The first draft of the Constitution was prepared in about a week in February 1946 by the staff of U.S. Gen. Douglas MacArthur, supreme commander of the occupying allied forces. This draft was presented in English “for consideration” to the Japanese government, which was tasked with preparing a Japanese version. Both sides were working under tremendous time pressure, since MacArthur wanted to announce a “Japanese” constitutional initiative before other allied powers (some of whom wanted to hang Emperor Hirohito as a war criminal) could start to muck up the process. The end result of this process, which was both coercive and collaborative, was made public in April 1946.

The end result, the full text of which was then submitted to the Imperial Diet for deliberation and approval, was thus hardly created under ideal conditions. The foreign providence of the new Constitution was painfully obvious, despite the efforts of the Japanese drafters to hide it (including the revolutionary innovation of rendering the text in colloquial language rather than the classical Japanese then used to draft laws, some of which remain on the books in that form even today). And because the starting point for the Japanese had been an English draft containing provisions that the Japanese side either found objectionable or didn’t fully understand, a certain amount of what historian John Dower calls “language games” went on, with the Japanese side trying to render the Japanese version closer to something they could live with. Sometimes the Americans caught them, sometimes they didn’t.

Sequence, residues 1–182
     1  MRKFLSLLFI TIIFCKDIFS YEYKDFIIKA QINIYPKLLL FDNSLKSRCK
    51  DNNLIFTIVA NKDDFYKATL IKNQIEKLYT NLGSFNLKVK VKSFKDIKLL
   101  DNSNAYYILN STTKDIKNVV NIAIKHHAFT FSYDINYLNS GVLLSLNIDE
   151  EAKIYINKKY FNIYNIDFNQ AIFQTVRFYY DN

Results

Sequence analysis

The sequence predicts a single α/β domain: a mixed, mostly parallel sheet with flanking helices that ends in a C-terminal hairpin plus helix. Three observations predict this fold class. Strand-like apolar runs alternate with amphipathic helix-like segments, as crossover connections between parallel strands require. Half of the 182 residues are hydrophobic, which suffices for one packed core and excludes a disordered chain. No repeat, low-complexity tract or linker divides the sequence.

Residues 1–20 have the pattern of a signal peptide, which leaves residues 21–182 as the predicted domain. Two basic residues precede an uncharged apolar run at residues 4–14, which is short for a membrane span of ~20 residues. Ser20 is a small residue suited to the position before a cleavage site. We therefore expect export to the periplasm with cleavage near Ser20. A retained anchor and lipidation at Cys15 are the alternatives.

As a result, the English version is not a translation of the Japanese version. Rather, there is the English version, which MacArthur signed off on, and the Japanese version approved by the Diet. Of course the latter is the only one that matters for legal purposes, but the fact remains that there are numerous subtle but sometimes important differences between the two. By replacing the current English version with a technically accurate translation, people who cannot read Japanese would be better able to understand some of the interpretive issues underlying it. It would probably also make it easier for the Japanese government to explain any amendments that are made to the rest of the world.

What are some of the differences? There are many, so a few examples will have to suffice.